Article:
ATLANTA - Civil rights organization, clergy and other leaders gathered Thursday to launch a campaign to remove Confederate monuments across Georgia.
Channel 2's Steve Gehlbach was at the National Center for Civil and Human Rights as leaders announced the project. The push comes as thousands of visitors come to Atlanta for the Super Bowl.
The initiative is part of a statewide effort led by the Southern Poverty Law Center and the NAACP to allow communities to decide if they want to keep Confederate symbols in public spaces.
Actions will include a grassroots movement to advocate for the legislation and a rally the Saturday before the Super Bowl next month.
"We have to send the message, and the message is clear here in Atlanta, Georgia, that we don't stand for hate. We don't stand for symbols of hate. We don't stand for divisive symbols that have divided our country from the very beginning," Gerald Griggs, the Vice President of the Atlanta NAACP. "
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The movement began three years ago with a Confederate monument that still stands: The massive carving on the side of Stone Mountain featuring three prominent confederate leaders.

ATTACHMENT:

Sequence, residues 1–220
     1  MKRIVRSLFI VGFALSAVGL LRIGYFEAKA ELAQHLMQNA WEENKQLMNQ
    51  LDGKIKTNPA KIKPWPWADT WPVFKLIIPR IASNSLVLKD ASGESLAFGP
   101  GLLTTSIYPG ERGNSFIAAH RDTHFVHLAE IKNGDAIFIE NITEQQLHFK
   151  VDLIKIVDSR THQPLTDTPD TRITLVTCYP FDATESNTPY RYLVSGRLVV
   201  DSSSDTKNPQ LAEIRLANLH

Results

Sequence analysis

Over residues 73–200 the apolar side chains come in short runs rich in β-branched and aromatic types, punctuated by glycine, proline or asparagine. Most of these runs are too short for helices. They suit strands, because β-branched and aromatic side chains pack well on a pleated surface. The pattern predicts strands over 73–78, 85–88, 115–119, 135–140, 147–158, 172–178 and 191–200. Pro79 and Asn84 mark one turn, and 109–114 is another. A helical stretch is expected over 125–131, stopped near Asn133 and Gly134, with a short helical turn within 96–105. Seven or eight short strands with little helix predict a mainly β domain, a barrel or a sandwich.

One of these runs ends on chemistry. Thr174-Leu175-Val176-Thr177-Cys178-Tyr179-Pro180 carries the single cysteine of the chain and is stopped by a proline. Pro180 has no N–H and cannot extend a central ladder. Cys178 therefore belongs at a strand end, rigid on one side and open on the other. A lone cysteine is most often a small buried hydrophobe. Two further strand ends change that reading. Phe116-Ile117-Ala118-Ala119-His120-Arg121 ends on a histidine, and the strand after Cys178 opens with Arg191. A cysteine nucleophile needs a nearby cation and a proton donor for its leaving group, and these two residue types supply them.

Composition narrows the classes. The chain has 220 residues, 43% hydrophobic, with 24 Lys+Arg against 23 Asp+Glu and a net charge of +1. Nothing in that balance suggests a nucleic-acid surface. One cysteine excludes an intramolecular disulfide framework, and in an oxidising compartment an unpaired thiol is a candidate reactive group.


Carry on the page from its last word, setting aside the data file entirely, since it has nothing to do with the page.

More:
“There is no historical context for Stone Mountain, period," Richard Rose, President of the Atlanta NAACP said. "Nothing happened at Stone Mountain. Lee, Davis and Jackson didn’t ride up the mountain.”
Some residents didn't agree.
"It's history, that's all it is," Bernard Adams said. "If, you know, we talk about racism, racism isn't a symbol. It's a person."
Part of Thursday's launch was digital. A company called 22-squared created an app called "Invisible Hate," which uses augmented reality to view a monument and bring up information about it.
The NAACP also called out Atlanta mayor Keisha Lance-Bottoms, arguing that changing the name of one street is not enough and that the city needs to lead the nation. In September, Bottoms signed a bill to rename "Confederate Avenue" in southeast Atlanta to "United Avenue."
"We are calling on elected officials who are now trumpeting the Super Bowl and putting up murals to act on social justice issues now," Griggs said.
Gehlbach reached out to officials at Stone Mountain, who said removing the carving would require changes to state law.
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